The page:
It's Chicago, which means anything--save a Cubs World Series--can still happen. That said, Rahm Emanuel's mayoral hopes got a big boost Wednesday following hearing officer Joseph Morris's nonbinding recommendation to the Chicago Board of Election Commisioners that Emanuel's disputed residency status should not prevent his name from appearing on ballots. With the board expected to give its decision Thursday, a variety of voices from around the web weigh in on Emanuel's handling of the controversy, and explain how it still could shape the results of February's election

  • All Good  In his 69-page recommendation to the Chicago Board of Election Commissioners, Morris notes that while Emanuel might have been employed in Washington DC for 20 months, his actions made it clear he still considered Chicago his home. "Nobody denies that Rahm Emanuel was anything other than a citizen and resident of Illinois and a resident of the City of Chicago on January 2, 2009," writes Morris. "He began that morning as an elected member of the House of Representatives, representing Illinois...The heart of the question of the Candidate's residence is not whether the candidate established residence in Chicago during 2010 but if, at some point prior to, or during, but in any event affecting, the period from and after February 22, 2010, he abandoned it." Morris says he did not. Morris also points out Emanuel's work in Washington DC was conducted at the behest of the president of the United States. The Illinois election code states that no elector can lose residency "by reason of his or her absence on business of the United States, or this State." In his capacity as White House Chief of Staff, Emanuel's duties clearly included "attendance to the business of the United States."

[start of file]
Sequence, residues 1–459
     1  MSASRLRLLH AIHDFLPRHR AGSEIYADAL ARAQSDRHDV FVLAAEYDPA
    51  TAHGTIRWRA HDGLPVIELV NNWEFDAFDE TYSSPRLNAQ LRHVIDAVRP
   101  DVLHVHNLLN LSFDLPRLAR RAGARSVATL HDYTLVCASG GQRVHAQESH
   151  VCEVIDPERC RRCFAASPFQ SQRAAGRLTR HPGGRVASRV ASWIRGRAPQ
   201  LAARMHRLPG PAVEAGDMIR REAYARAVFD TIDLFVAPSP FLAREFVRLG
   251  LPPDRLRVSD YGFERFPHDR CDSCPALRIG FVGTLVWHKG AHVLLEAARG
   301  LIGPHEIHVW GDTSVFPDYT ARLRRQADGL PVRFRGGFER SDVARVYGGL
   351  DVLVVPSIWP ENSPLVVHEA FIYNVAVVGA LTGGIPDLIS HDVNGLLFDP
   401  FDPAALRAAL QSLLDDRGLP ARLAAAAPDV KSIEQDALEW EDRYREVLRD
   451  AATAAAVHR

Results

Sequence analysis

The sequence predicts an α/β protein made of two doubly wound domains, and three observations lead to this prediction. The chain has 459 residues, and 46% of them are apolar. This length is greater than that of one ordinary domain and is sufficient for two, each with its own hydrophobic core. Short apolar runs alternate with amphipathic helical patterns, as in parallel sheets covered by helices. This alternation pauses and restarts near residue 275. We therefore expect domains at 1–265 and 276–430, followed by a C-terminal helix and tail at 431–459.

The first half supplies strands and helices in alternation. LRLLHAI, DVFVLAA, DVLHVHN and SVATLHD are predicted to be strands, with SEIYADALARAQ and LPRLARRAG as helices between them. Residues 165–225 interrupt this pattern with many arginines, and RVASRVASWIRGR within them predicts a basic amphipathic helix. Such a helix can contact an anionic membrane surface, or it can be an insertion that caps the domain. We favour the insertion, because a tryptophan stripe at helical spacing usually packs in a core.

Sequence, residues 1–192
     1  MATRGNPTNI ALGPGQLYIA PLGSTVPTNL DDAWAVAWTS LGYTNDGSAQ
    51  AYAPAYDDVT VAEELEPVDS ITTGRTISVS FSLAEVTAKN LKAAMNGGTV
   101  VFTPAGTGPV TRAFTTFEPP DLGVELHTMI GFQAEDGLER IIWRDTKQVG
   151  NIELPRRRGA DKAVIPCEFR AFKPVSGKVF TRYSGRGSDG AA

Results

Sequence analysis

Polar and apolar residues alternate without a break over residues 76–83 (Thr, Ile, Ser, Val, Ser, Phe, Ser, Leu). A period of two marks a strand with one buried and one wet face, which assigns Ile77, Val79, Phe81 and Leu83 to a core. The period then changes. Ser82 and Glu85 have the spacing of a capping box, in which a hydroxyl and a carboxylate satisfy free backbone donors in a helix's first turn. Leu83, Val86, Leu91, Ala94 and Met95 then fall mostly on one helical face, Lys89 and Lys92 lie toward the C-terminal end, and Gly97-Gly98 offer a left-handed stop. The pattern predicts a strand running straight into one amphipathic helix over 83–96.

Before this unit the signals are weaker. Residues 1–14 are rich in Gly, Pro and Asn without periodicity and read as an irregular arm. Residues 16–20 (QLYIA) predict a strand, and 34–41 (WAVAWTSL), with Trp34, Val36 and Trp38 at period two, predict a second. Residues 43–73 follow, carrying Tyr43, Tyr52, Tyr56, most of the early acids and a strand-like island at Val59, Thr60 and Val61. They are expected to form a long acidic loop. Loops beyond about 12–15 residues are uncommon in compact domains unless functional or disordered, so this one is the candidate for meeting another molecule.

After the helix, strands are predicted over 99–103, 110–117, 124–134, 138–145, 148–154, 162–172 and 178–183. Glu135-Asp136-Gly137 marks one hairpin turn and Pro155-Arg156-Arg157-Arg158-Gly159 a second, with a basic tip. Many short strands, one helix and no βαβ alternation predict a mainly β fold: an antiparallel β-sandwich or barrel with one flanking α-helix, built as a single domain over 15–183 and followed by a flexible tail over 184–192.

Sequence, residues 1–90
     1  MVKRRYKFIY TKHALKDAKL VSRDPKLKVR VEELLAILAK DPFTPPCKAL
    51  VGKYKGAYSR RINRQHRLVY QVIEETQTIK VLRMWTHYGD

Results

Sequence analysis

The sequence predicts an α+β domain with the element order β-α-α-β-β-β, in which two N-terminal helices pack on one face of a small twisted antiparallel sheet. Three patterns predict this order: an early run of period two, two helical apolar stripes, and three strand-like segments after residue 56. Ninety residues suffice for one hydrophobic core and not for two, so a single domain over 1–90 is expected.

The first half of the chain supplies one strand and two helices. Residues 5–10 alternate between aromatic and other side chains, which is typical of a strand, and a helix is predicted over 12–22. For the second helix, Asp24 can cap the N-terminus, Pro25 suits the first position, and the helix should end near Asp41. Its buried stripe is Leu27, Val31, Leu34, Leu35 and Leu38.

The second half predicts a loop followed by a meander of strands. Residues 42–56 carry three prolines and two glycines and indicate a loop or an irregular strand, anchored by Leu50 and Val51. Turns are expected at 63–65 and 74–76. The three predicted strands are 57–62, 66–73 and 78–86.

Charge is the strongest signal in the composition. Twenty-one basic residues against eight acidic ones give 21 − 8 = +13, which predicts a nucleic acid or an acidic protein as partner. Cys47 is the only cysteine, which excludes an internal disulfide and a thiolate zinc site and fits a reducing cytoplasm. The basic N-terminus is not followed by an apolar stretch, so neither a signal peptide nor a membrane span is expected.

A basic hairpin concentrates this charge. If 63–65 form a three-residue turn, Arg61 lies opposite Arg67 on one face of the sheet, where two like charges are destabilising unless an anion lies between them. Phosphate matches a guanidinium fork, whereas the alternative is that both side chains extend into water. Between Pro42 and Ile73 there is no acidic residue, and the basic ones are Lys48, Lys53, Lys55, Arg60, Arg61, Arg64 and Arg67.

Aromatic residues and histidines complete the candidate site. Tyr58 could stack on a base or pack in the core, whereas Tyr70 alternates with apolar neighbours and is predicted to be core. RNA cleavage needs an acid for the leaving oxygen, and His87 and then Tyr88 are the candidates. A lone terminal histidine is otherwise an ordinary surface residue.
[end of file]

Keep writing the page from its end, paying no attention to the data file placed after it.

• 'One Step Closer to Ruling Chicago'  After months in the election law weeds, Emanuel is finally going to get to play hardball Chicago politics. New York magazine's Dan Amira hopes he knows what he's in for.
If Emanuel does ultimately manage to make it onto the ballot for the February 22 election, it should be smooth sailing from then on. Two recent polls show him leading his nearest competitor, former Chicago public schools chief Gery Chico, by between 23 and 32 points. Although in Chicago politics, you can't take for granted that getting the most votes will necessarily translate into winning.
  • Bad Neighbors  Not only have those challenging Emanuel's candidacy misjudged the law, writes the Chicago Tribune editorial board, they've misjudged what makes a good Chicagoan. "It would be different if he'd pulled up roots and settled elsewhere," writes the Tribune, "but in fact Emanuel took steps to preserve his residency: He leased his house rather than selling it; he voted absentee from his Chicago address and listed it on his vehicle registration and driver's license. In such cases, the law focuses on intent, and Emanuel clearly meant to come home to Chicago."
  • Not Over  While securing the hearing officer's recommendation was a "crucial" win for Emanuel, CNN deputy political director Paul Steinhauser says the situation remains fluid. "The three commissioners don't have to agree with Morris's decision," notes Steinhauser. And even if they do, "Emanuel's opponents could still go to court to try and kick him off the ballot."